Oil and gas

The problem with safety cases

The problem with safety cases

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Rebecca MacAskill

Rebecca MacAskill

Safety Cases have precipitated a cultural change within the oil and gas industry. Operators and owners now understand, assess and own the Major Accident Hazards (MAHs) on their installations. This has led to better design and operations offshore (for example, the introduction of operational risk assessments). However, as time has progressed the information contained within the Safety Cases has become saturated making it less user-friendly for the workforce who it is aimed to benefit. This poses the question; how do we make our Safety Cases fit for purpose?

Challenge
In most cases, over time information is only ever added to the Safety Case, meaning that it grows and loses focus. Often Safety Cases run into 1000+ pages which becomes impossible to manage effectively. Operators tend to verge on the side of caution, believing that ‘the more information the better’ with respect to meeting the regulatory requirements.

At present, the OGUK are developing a technical note for workforce involvement with regards to Safety Cases, which highlights the concern within the industry at present. This is the fourth initiative under the ‘Safety Case for the Future’ programme, which has previously covered guidance on what constitutes a material change, thorough reviews, and safety case content. One method which has been adopted by several operators has been to develop slimline Safety Cases or Safety Case lite versions of the document to try to close the workforce engagement gap which comes with additional costs and maintenance for the operator going forward.

In addition, during recent thorough reviews and audits DNV have noted that minor safety case changes can often be missed through the Management of Change (MoC) process. The significant volume of information within the Safety Case can make it difficult for users to identify where minor modifications may impact various parts of the case. On the contrary, where major modifications have taken place a large volume of detail is usually added to the Safety Case which can be overkill as to what is required and is inconsistent with the level of detail provided for the existing plant.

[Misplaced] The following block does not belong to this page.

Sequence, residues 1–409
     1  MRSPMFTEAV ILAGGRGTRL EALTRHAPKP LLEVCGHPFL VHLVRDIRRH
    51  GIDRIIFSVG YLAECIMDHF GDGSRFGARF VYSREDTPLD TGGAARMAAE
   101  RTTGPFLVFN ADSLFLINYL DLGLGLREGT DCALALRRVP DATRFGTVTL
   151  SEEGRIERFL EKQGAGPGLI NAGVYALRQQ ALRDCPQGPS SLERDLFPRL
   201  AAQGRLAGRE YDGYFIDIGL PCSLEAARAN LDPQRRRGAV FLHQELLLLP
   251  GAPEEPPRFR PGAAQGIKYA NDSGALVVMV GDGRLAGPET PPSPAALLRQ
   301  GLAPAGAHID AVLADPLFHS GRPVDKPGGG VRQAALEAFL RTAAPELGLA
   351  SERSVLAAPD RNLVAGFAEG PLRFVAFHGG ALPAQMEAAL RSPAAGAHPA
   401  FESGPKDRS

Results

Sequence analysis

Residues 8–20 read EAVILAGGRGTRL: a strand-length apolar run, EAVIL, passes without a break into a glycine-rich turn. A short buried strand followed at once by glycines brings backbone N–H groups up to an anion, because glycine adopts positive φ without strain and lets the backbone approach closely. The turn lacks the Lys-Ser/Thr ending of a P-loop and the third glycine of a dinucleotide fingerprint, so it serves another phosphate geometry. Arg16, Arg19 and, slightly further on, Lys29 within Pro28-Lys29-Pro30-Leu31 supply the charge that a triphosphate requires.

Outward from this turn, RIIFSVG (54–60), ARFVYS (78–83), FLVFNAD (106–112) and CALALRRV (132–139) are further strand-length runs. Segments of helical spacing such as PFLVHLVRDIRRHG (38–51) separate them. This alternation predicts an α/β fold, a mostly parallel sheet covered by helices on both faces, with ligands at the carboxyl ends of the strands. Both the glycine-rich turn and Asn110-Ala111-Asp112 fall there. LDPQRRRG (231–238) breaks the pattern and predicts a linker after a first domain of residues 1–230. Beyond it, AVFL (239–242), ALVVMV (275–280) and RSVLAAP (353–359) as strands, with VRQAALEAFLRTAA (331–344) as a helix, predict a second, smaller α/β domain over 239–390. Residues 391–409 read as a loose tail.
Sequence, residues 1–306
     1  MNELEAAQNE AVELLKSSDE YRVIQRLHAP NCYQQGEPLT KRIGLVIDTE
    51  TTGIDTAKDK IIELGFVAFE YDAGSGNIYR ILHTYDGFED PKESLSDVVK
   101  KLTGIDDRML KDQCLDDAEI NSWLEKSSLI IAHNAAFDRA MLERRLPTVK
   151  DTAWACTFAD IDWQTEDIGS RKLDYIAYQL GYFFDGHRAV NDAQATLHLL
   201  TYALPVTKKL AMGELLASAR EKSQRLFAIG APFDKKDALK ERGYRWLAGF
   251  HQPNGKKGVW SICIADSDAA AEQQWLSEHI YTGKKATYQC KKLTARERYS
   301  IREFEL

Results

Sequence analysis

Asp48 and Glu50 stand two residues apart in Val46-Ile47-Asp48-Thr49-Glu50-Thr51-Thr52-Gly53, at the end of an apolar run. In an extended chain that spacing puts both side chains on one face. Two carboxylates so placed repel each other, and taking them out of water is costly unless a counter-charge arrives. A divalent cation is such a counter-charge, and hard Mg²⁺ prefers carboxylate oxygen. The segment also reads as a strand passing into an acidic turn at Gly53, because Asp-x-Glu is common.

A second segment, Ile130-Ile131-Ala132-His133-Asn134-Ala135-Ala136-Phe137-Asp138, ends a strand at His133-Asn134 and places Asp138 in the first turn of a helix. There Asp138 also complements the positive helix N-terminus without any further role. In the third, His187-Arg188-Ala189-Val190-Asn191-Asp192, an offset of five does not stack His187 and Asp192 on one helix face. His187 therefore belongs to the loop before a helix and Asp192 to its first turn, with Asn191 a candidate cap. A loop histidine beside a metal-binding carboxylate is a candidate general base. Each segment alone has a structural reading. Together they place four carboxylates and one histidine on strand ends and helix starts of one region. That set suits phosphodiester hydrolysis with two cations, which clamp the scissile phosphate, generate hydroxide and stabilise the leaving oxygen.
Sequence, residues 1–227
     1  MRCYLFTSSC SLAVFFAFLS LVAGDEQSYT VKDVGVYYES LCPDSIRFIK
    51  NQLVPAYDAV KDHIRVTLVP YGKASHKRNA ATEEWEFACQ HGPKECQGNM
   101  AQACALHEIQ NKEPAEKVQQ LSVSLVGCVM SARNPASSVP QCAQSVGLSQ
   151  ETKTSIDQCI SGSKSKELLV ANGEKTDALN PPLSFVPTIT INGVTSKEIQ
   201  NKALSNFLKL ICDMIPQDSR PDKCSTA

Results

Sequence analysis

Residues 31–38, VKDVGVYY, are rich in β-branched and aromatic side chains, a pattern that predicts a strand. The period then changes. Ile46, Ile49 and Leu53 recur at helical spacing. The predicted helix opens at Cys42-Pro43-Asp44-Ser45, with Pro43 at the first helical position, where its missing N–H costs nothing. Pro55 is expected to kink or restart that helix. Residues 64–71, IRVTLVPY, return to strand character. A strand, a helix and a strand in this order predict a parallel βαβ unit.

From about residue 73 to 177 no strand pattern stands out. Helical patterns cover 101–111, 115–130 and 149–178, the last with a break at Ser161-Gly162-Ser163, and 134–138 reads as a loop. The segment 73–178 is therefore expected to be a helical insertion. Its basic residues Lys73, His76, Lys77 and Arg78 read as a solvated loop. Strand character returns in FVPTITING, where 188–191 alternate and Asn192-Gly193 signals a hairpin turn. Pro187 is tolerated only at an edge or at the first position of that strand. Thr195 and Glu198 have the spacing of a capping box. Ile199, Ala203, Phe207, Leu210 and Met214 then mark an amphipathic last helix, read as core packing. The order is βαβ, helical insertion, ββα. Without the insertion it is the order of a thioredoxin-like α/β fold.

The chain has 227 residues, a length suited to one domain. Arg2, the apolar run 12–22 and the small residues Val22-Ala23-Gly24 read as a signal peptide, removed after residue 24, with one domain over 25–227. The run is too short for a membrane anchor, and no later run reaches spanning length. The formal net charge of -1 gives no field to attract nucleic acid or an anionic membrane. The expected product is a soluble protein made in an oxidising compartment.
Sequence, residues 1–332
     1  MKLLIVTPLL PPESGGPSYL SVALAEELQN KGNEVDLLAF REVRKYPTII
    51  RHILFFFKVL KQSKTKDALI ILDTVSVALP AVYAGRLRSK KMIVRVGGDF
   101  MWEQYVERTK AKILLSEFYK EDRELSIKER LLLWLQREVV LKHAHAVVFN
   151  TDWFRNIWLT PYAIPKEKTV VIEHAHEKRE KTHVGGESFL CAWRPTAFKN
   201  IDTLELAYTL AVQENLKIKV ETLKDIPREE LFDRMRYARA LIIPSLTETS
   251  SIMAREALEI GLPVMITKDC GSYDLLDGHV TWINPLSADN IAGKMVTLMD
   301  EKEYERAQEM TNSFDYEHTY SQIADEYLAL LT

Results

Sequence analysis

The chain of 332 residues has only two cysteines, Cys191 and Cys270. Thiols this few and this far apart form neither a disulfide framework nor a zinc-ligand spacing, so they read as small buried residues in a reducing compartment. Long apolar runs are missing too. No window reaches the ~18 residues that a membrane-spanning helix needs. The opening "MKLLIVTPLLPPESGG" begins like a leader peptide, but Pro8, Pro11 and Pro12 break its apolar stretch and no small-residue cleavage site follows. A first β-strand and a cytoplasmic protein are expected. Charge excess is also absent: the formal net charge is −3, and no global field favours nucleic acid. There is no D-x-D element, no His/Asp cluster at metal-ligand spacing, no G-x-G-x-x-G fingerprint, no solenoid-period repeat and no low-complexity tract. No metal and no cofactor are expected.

With high volume safety cases, a large number of figures and drawings are normally included to support the text. Often, this results in out of date figures where the original source (which may be a controlled drawing) has been updated out with the Safety Case itself. This has become an increasing issue in recent years where a number of North Sea mergers and acquisitions have taken place which result in processes and procedures regularly being updated. This can create a lack of consistency within an organization with respect to their Safety Cases or SEMS description where several assets are owned.

The challenge is: how do we manage the safety case to make it efficient to update in the future, provide a robust demonstration of the case for safety, but be an approachable document that the workforce can use?

DNV Safety Case Rationalization: Outcome and Benefits
DNV have recently undertaken Safety Case rationalizations for several North Sea installations.

The most noticeable outcome from the Safety Case rationalizations are significant reductions in the length of the case from ~1000 pages to ~300 pages, which makes it much more accessible for the workforce and easier to manage. A reduction in size and more structured approach makes information easier to find making future updates (including MoCs) simpler without complex formatting.

Rationalization results in increased usefulness of the Safety Case, with a document that is focused on MAHs, SECEs and risk management. Safety Cases which have been rationalized by DNV followed a process to ensure any restructuring is traceable and thus have been well received by the HSE without the need for a material change submission.

Understanding the customer problem and addressing the needs of both the regulatory requirements and the workforce is key to DNV’s approach. With the introduction of the new Topic Assessment Guidance (TAGs) from the HSE in 2021, there is no better time to refresh the Safety Case.

If you want to know more or feel like your Safety Case could benefit from rationalization, please get in touch.

Contact us:

Rebecca MacAskill

Rebecca MacAskill